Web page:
Treating cancer in older and oldest old patients

G. Colloca, A. Corsonello, E. Marzetti, L. Balducci, F. Landi, M. Extermann, G. Scambia, M. Cesari, I. Carreca, S. Monfardini, R. Bernabei

Research output: Contribution to journalArticle

Abstract

The so-called “silver tsunami” is a metaphor that the individuals 65 and older represent the most rapidly growing segment of the Western world population. Aging is an ongoing process that leads to the loss of functional reserve of multiple organ systems, increased susceptibility to stress, it is associated with increased prevalence of chronic disease, and functional dependence. Determined by a combination of genetic and environmental factors, this process is highly individualized and poorly reflected in chronologic age. The heterogeneity and the complexity of the older old population represent the main challenge to the treatment of cancer in those patients. We should discern “fit” elderly in whom standard cancer treatment appears to be comparable to a younger population and “unfit” or “frail” elderly, in which the risks of the treatment may overwhelm potential benefits. There are many aspects that have to be assessed before treating an elderly patient, or before to choose the treatment itself. In our review we will try to explain and describe the meaning and the most important aspects related to the oldest old complex patients, and how to manage those patients.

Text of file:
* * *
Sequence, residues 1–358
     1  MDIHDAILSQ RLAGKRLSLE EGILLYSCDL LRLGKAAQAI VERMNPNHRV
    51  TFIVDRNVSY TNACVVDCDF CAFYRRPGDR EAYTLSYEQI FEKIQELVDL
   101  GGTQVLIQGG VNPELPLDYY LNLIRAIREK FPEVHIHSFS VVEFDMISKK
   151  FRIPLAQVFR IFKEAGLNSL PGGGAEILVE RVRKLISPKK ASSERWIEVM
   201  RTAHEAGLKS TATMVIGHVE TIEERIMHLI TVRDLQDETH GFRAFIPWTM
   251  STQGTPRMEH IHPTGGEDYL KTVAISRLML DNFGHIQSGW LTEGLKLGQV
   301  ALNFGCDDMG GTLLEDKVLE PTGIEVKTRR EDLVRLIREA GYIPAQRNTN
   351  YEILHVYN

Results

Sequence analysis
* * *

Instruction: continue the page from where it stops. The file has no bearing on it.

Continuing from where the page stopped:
Original languageEnglish
Pages (from-to)1699-1705
Number of pages7
JournalCurrent Pharmaceutical Design
Volume21
Issue number13
Publication statusPublished - 2015

    Fingerprint

Keywords

  • Cancer
  • CGA
  • Elderly
  • Fatigue
  • Frailty
  • Oldest old
  • Sarcopenia

ASJC Scopus subject areas

  • Drug Discovery
  • Pharmacology
  • Medicine(all)

Cite this

Colloca, G., Corsonello, A., Marzetti, E., Balducci, L., Landi, F., Extermann, M., Scambia, G., Cesari, M., Carreca, I., Monfardini, S., & Bernabei, R. (2015). Treating cancer in older and oldest old patients. Current Pharmaceutical Design, 21(13), 1699-1705.